“Where’s the public outrage over sky-high CEO pay?” demanded the Financial Post in a headline over a March 28, 2013 story highlighting many of the excellent reasons Canadians have to be outraged.
Let’s start with this. In 2011, the top 100 Canadian CEOs enjoyed a median pay packet of $7.69 million, a whopping 235 times the median salary of a Canadian worker ($45,488), and 12,000 times what a Bangladeshi garment factory worker earned (even though her labour and those of her countrymen no doubt helped goose the golden egg of at least some of those Canadian executives).
The equality gap is growing exponentially. According to the Canadian Centre for Policy Alternatives, average executive compensation in 1995 was only 85 times the salary of the average Canadian. Put another way, in the past 15 years Canadian CEOs almost tripled the already considerable economic distance between themselves and their workers.
The Post was quick to point out that, in 2011, average executive pay only increased six per cent instead of the 12 per cent it galloped ahead the year before. That will be frosty comfort to Nova Scotia nurses and Prince Edward Island teachers, whose less-than-therate- of-inf lation salary increases still attract disapproving stares from newspaper editorialists and conservative hand-wringers. Don’t they understand times are tough; we all have to sacrifice.
All except, of course, those at the top.
Consider. We are told these are tough times in Atlantic Canada. Governments must slash programs, close schools, increase hospital wait times (all, of course, while cutting business taxes to ensure our delicate-f lower corporations can compete in the dog-eat-monkey global economy).
But according to a survey by the online business publication allnovascotia.com, 10 of the 12 CEOs in Atlantic Canada’s top publicly traded companies saw their incomes increase last year by… wait for it: 100 per cent, 60 per cent, 44 per cent, 43 per cent, 25 per cent… The only executive to see her earnings drop in 2012 was Bell Aliant Inc. CEO Karen Sheriff. But you needn’t lose sleep over her seven per cent reduction in income; she still took home $3.28 million.
Ironically, according to the Globe and Mail, one of the factors fueling the current CEO compensation binge is the failure of so many of them to do what they were hired to do. Company boards offer extravagant compensation packages to lure highly touted CEOs to guide their corporate fortunes, only to discover the world is a more complicated place than one CEO can change, then have to pay through the nose to get rid of them, plus pay again for their bad deals and, finally, fork over an even more inf lated figure to attract the next CEO.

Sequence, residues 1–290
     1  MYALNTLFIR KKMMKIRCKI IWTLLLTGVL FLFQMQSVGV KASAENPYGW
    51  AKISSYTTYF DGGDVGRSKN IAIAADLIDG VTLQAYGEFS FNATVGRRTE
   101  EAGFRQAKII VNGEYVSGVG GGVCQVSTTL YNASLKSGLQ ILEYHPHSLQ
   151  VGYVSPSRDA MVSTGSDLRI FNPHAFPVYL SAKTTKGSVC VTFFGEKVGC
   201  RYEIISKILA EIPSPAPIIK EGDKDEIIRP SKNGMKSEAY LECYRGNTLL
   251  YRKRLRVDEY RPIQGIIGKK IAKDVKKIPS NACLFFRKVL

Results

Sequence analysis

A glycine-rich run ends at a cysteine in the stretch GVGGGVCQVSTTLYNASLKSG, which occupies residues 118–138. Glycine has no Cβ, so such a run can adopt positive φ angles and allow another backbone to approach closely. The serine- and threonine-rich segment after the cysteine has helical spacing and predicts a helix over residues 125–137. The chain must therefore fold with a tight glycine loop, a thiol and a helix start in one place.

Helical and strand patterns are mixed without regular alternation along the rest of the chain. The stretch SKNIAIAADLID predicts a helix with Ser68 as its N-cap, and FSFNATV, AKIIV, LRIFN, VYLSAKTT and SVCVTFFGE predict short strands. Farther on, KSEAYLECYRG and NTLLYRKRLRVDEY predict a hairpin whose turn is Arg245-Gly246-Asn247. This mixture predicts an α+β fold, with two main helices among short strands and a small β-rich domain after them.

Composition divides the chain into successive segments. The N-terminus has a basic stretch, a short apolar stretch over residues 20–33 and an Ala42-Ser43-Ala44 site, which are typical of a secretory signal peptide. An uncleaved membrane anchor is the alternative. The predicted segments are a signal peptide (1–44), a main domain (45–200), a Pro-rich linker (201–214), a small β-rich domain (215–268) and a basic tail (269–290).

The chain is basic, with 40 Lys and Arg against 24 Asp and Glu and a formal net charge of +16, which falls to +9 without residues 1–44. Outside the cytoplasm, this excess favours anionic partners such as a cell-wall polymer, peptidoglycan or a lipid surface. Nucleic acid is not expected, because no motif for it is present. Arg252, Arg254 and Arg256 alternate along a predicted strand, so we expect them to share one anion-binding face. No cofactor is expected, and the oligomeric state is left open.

“Don’t pay for failure,” Stephen Erlichman, the executive director of the Canadian Coalition for Good Governance, sagely advised. “Generally speaking, in Canada, CEOs are pretty well paid, and if you’re going to pay somebody well for being a CEO, the board needs to address the question of do you really need to pay this person that much in termination.”
While that may seem like, well, duh… advice, those making decisions seem disinclined to follow it. And, despite the fact some observers tout tighter controls—”We’re pleased to see the collective work of the regulators, issuers, shareholder activist groups, independent advisors and stakeholders at large have helped inf luence public disclosure,” Paul Gryglewicz of Global Governance Advisors wrote in the Globe—as a sign the situation is improving, the distance between rich and the rest grows daily.
Why is it, the Post asked, that there’s so little public outrage over these outrages?
It’s not that people aren’t paying attention. According to a recent survey by the Pew Centre, 45 per cent of Canadians saw inequality as a “very big problem,” but only 22 per cent thought solving it should be the government’s biggest priority.
Perhaps that’s because they’re rightly cynical our governments have the guts to hold large corporations to account.
But other governments do.
In March, 68 per cent of Swiss voters approved new rules allowing shareholders to vote on executive compensation—and make the results binding. In France, the government has adopted a new proposal to limit executive salaries to 20 times the amount paid their lowest paid employees.
Imagine if we had such laws here! We’d be a different—better—place.